In today's business landscape there are many who argue that there is no such thing as goodwill in business.
However we need to be careful not to underestimate the value of that a vendor receives when purchasing a business with established systems, distribution channels and customers. Starting a business from scratch can be a costly exercise if you are investing in new equipment, fit outs and staff whose costs may not turn into immediate sales. Walking into a business with a demonstrated cashflow and experienced staff could be worth the investment in goodwill, particularly for those with no prior business experience.
So if you are actively selling your business but with little success, why might this be?
The following table was produced by Divest Merge Acquire - Supertrac and provides some practical steps you can take to improve the likelihood of a successful business sale.
|Possible problems with the business or sale||Possible actions to rectify|
|1. Something wrong with the business?|
|Too few customers; high concentration of customers.||Secure key customers with contracts.|
|High dependence on one or several key customers. This increases the perceived and actual risk to new owners.||Agree to the sale being conditional on the customers endorsing the sale to new owner.|
|High dependence on the owners.||Agree to stay in the business for longer.|
|Buyers get so far then stop.||Have all the potential ‘show stoppers’ been identified, with strategies to overcome where possible?|
|Have you received regular feedback as to why target buyers have not proceeded beyond the initial inquiry?||Analyse and rectify issues where possible.|
|2. Something wrong with the price?|
|Your advisor should have confirmed the reasonableness of your price expectations, but sometimes things change.||If the sale process has taken longer than you expected, you may have already made up the shortfall in additional profit and can afford to accept a lower sale price.|
|In particular, recent financial results or the latest profit projection,may lower the value. This seems to happen more often than coincidence would allow. I suspect the reason may be that vendors choose to go to market right after having a cracker of a year and hope for a quick sale.
Of course, a basic question buyers ask is how the current year is looking and it all falls apart if the result is not backed up. This leaves everyone stranded on price vs profit, plus an added complication of coming off a peak and facing a potential downward slide. Buyers are always looking for a hidden reason why the business is being sold and this hands them one on a plate.
Plus volatility itself undermines confidence and the assessment of maintainable earnings.
|Reassess the price and either lower it or withdraw from the market.
If the projection is lower and can be explained, and whether it is short or long term, then make sure this is conveyed properly.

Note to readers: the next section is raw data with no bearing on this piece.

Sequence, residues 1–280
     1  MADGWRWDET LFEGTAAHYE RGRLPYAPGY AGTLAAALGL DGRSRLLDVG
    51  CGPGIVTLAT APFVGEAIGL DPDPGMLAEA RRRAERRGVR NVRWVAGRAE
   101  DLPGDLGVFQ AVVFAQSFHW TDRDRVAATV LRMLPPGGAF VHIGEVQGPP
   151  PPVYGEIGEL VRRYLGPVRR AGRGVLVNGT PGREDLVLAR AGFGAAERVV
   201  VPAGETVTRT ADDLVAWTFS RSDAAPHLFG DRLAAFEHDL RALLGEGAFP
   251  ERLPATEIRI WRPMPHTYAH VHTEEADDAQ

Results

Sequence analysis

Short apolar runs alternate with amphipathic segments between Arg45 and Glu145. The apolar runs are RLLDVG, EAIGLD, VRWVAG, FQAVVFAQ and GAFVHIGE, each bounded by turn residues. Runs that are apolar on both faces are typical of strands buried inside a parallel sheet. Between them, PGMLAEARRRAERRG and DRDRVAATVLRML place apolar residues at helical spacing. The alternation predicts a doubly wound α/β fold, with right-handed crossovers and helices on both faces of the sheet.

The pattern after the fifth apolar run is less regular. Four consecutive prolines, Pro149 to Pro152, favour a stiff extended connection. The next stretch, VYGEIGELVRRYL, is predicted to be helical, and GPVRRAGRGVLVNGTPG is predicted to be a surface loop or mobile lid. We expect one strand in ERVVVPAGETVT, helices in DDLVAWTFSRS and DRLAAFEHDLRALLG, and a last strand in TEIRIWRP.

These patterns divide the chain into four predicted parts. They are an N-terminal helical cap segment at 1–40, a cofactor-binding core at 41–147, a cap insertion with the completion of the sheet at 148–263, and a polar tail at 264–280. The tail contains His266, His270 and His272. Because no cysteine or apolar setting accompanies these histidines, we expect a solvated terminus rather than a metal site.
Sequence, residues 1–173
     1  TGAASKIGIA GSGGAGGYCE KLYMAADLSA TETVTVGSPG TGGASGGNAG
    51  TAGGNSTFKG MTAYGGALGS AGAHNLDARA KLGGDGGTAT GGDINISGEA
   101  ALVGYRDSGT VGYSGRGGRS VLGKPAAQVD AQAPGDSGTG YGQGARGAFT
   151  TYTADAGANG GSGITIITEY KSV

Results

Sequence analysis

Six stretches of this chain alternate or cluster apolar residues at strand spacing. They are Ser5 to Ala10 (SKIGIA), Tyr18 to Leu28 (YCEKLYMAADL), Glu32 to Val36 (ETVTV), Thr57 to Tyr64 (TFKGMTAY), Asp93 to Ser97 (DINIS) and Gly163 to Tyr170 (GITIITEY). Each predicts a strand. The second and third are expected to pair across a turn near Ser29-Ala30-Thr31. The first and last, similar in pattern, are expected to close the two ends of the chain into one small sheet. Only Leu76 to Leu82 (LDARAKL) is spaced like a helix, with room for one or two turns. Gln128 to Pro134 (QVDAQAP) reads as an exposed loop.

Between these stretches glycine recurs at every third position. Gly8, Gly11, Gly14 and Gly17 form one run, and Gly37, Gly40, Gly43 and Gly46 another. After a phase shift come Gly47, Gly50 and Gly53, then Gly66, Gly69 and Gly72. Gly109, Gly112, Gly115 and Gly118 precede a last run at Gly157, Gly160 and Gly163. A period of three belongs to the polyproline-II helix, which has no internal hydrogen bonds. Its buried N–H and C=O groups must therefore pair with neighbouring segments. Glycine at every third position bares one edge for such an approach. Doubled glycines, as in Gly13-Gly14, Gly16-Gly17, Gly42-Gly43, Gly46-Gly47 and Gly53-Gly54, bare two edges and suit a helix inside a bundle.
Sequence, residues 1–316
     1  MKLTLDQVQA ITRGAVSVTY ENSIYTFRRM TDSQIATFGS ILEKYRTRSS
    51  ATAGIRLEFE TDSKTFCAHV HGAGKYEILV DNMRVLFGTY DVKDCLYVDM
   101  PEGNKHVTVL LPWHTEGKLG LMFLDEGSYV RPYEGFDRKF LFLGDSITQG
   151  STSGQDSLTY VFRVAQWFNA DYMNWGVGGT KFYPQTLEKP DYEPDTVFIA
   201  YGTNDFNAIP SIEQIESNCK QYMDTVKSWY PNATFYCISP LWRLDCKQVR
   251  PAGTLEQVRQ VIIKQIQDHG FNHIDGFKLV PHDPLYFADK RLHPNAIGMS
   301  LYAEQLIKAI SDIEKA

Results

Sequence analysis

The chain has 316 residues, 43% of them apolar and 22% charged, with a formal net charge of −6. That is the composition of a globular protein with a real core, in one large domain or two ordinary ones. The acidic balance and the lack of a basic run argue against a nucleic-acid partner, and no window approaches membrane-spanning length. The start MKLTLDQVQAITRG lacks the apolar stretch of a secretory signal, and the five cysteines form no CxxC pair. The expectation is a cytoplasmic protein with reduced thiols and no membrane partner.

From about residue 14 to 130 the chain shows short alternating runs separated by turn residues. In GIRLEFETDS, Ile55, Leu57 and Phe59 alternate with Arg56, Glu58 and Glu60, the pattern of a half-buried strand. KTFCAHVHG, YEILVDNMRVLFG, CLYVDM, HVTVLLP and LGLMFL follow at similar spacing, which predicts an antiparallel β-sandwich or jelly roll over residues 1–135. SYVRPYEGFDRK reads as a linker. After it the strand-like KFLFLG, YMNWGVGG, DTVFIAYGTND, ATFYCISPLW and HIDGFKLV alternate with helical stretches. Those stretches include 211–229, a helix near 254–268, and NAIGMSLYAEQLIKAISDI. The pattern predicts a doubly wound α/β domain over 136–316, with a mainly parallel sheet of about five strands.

If the latest year’s profit was exceptional, say so and price according to the true maintainable earnings level; and make sure the current year’s projection is supportable and validates it.
|Do you require all cash up front or are you flexible on the deal structure and timing? This may mean you are prepared to share some of the future risk, commit not just your expertise but also leave some ‘skin in the game’ alongside the buyer.
This massively de-risks the acquisition for the buyer (who still accepts most of the risk) and sends a strong signal about your confidence in the future of the business, and in the buyer in particular.
|Within reasonable limits, the more flexible you are, the better the bridge to the buyer and the more likely they will be to proceed.|
|3. Something wrong with the way it is being marketed?|
|Is the business being marketed appropriately?
Is active marketing being done; and if so, is it targeting the right profiles of investors? Some advisors may have access to a database, but of the wrong types of people eg individual investors when an industry player is the only viable profile, or others may even have no direct access to the target market at all!
|Make sure your advisor understands what the target investor profiles are.
Check whether the advisors have the capacity and commitment to reach the target markets.
|Insufficient responses from the target market.
Your advisor should be able to tell you how many target responses there have been to marketing initiatives. Eg between 10 and 100 would seem reasonable.
|Check what marketing has been done and what can still be done.|
|Are the best features of the business being showcased?||Update the IM to include key features/hooks. Apart from the IM being adescriptive and analytical representation of the business and the relevant industry, it is also a marketing document that needs to showcase the best features of the business to set it apart from others on the market in the eyes of target buyers.|
|4. Something peculiar about the industry the business is in?|
|Some industries are small. Others are unpopular. Others are an out and out feeding frenzy(egAustralian RTO’s currently)!
Also, in times of economic uncertainty and volatility, businesses with strong maintenance or recurring income streams are more highly sought after than those depended on capital projects.
|Are there any consolidators currently active in the industry? If so, make sure they know about your opportunity, one way or another.|
|5. Is it too early to expect a result? Are you just being impatient?||You should allow 3-6 months to complete the process, but should know within 2-3 months whether you have active investors or are in for a long grind.|
Selling a business should be an event you plan for during the final 3+ years that you own a business. You are more likely to achieve a successful sale if you are still passionate about the business and it's succession rather than when you feel you've had enough and just want to get out.